About 22 centuries ago a chapter in Jewish history marked the rededication of the Temple. The events were excluded from the canonisation of the Tanach, but retained as the last of the non-biblical festivals that would occur prior to a 2000 year exile and the re-establishment of a Jewish nation.
From an historic perspective, military victory is the focus of the event, even as described by the Al Hanisim prayer. Yet on a very simple level the celebration of Chanukah is not a victory celebration of conquest. The focus of our observance is not a “victory parade”, a form of Jewish ANZAC day. Rather it is the religious freedom and spiritual purity of the Temple service that is recreated through our celebration.
This makes sense if you consider that the Maccabees were not fighting for sovereign independence. The Greek rule was relatively benevolent, and represented modernisation, civil progress, and even tolerance, so long as that tolerance embraced a form of “multiculturalism”, a proverbial melting pot of civilisation and religion. Until such time as a zealous conqueror by the name of Antiochus met resistance to imposed idolatry, at which time the regime prohibited the observance of Shabbat, Rosh Chodesh and Brit Milah under penalty of death.
Jeff Jacoby describes the story as follows:
The fight to reclaim Jewish religious autonomy began in 167 BC. In the town of Modi’in, an elderly priest named Mattathias refused a Syrian order to sacrifice to an idol. When an apostate Jew stepped forward to comply, Mattathias killed the man and tore down the altar. Then he and his five sons took to the hills and launched a guerrilla war against the armies of the empire.
When Mattathias died, his third son, Judah Maccabee, took command. He and his band of fighters were impossibly outnumbered, yet they won one miraculous victory after another. In 164 BC, they recaptured the Temple, which they cleansed and purified and rededicated to G-d.
It is often noted that the Maccabee brothers would be somewhat bemused by the way in which Chanukah is so embraced by secular culture today, and ironically placed on a pedestal as some type of Jewish equivalent to Christmas by the proponents of “interfaith relationships”. As a minor festival, Chanukah is probably celebrated more than it would otherwise be, solely due to its proximity to Christmas, and is certainly recognised more by mainstream media because of this coincidental quirk of the calendar. Yet given that the Maccabees were fighting against the defilement of the Temple with idolatry, assimilationist attitidues and the loss of Jewish identity, it is a great shame that in Western countries Chanukah seems to have to elbow itself into the space of multicultural recognition in order to compete with popular Christian tradition.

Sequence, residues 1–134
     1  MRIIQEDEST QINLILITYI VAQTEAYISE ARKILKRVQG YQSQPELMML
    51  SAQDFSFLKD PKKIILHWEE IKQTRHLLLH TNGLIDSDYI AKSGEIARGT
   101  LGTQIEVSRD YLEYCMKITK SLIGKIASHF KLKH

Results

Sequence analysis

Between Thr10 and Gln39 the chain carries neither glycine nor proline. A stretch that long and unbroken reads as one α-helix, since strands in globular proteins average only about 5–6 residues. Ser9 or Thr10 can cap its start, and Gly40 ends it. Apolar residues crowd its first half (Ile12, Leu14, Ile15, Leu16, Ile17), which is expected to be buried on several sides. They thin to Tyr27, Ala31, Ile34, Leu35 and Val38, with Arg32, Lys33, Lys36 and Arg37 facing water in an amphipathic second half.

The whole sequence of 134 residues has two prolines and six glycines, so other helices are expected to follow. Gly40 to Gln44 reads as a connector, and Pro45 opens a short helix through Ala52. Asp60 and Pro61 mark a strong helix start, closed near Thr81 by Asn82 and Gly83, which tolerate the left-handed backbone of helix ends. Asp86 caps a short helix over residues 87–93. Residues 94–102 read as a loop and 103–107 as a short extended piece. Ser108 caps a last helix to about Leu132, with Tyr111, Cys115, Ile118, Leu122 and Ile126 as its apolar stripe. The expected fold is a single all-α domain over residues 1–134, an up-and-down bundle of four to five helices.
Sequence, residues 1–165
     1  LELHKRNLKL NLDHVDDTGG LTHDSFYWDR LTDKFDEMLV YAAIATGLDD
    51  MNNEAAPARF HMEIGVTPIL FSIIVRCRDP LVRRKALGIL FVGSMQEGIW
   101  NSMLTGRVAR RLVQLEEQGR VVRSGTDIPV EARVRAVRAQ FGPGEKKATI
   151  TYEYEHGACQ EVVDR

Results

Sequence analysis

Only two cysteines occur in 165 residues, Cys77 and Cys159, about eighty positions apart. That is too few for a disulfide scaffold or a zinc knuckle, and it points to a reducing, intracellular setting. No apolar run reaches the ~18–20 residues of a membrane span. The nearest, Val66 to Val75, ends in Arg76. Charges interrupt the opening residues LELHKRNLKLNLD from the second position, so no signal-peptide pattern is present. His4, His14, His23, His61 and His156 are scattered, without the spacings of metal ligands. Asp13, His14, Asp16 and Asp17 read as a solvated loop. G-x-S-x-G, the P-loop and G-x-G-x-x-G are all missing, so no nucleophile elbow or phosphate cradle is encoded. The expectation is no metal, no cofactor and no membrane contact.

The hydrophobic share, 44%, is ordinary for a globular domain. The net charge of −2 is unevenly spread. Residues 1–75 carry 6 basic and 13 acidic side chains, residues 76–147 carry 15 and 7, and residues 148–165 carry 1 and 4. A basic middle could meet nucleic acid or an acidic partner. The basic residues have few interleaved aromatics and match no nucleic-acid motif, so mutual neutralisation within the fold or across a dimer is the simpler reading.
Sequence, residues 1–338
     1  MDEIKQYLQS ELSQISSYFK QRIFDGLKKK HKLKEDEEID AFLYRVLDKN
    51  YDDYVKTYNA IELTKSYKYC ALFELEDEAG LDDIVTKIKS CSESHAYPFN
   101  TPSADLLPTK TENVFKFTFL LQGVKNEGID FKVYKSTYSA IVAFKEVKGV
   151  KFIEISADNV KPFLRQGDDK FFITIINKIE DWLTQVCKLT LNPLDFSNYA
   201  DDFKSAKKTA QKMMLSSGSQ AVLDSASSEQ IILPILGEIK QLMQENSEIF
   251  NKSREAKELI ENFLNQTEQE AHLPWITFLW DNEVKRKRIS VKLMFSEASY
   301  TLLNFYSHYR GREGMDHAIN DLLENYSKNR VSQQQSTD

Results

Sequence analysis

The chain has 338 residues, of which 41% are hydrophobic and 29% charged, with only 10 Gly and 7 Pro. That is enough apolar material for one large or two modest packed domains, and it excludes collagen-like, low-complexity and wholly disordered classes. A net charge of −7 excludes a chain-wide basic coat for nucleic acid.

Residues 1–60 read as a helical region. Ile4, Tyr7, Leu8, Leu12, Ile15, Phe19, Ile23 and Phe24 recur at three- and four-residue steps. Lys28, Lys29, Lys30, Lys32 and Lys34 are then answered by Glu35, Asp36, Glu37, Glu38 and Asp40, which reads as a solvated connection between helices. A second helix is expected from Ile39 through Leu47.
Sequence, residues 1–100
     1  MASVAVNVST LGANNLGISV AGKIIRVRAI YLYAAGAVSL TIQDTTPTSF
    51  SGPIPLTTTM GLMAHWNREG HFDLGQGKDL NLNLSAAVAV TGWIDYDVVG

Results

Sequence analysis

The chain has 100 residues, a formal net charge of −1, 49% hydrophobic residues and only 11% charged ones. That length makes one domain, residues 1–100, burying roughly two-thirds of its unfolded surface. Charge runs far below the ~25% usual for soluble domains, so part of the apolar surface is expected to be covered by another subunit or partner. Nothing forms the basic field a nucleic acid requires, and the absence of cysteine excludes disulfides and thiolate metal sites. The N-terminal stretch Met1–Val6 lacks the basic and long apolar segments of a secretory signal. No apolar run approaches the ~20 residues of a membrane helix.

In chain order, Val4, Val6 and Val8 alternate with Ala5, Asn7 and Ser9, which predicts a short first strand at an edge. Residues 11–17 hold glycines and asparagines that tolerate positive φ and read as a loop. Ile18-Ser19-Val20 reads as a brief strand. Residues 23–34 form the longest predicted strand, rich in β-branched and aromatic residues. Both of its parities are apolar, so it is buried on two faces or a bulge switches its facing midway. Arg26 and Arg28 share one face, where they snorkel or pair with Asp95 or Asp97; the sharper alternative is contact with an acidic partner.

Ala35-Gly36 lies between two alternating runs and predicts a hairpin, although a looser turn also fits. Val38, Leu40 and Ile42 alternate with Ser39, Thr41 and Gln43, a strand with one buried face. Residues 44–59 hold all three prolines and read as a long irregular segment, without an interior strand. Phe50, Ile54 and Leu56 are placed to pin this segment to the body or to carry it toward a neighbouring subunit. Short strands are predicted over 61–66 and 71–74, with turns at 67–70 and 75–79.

However, the temptation is totally understandable. Let’s face it, the Greeks had a great society. It was modern and contemporary, with culture, arts, sport, and the ancient equivalent of day spas, personal trainers and pilates.
It is wonderful that over the next week there will be a number of community Chanukah events for the Perth Jewish community in a carnival like atmosphere. What troubles me is that if you stop and ask the majority of people attending about what they are celebrating, their understanding is likely to be very superficial. They may mention the Greeks, the Maccabee revolt, the flagon of pure oil and the symbolic miracle, but for many people, that’s about as far as they get. I further wonder whether, if they transported their current lifestyle approach towards Jewish living into the era of the Chanukah story, whether most of them would side with the material comfort and liberty offered by Greek society ahead of the effort and discipline that they would need to extend to maintain their Jewish tradition and observance. Do they actually realise that they are celebrating the triumph of the Chashmoniam over the Hellenists? Do they truly stand for the celebration of Torah values over secular values?
Or is the general connection of Jews to their Judaism based on attitudes that are more relaxed and comfortable? They tried to kill us. We won. Let’s eat! After all, Judaism needs a few more holidays that aren’t spoiled by halachic dictum and endless hours trapped inside Shule. While we are at it, let’s accept assimilation into our community and allow Torah law to be interpreted to embrace Jewish gay pride. Let’s run Jewish functions and lifecycle events that aren’t kosher, and trade away the “Zionist” aspirations of Judah the Maccabee to return the Cohanim to light the Menora in the Beit Hamikdash.
Whilst sadly many Jews seem content to forgo the essence of their birthright and exchange their spiritual quest for Assyrian Greek austerity (pun intended), the light of Chanukah has remained kindled into our time. The observant minority have ensured this.
There comes a point where the essential celebration of Chanukah has changed so much that it no longer holds or resembles the message of the festival. It is exemplified by the vast majority of community members who are prepared to come and bounce on a jumping castle and buy a latke, but show no care towards also standing amongst the kehillah and singing Maoz Tzur in the Beit Knesset.
So too, there comes a point where the essential message of Judaism is also barstardised to the point that it is no longer Jewish. In recent times the Perth Jewish community and many of its organisations have become far too complacent with respect to their acceptance of the forces that threaten Jewish continuity, sometimes tacit, sometimes overt.
Chanukah is a revolt against assimilation and a revolt against cultural Judaism that is devoid of Torah and yirat shamiem. Let’s have a chag Chanukat sameach, but ensure that we also pause as we light the Chanukiah to remember exactly what it was that the Maccabim were fighting to preserve.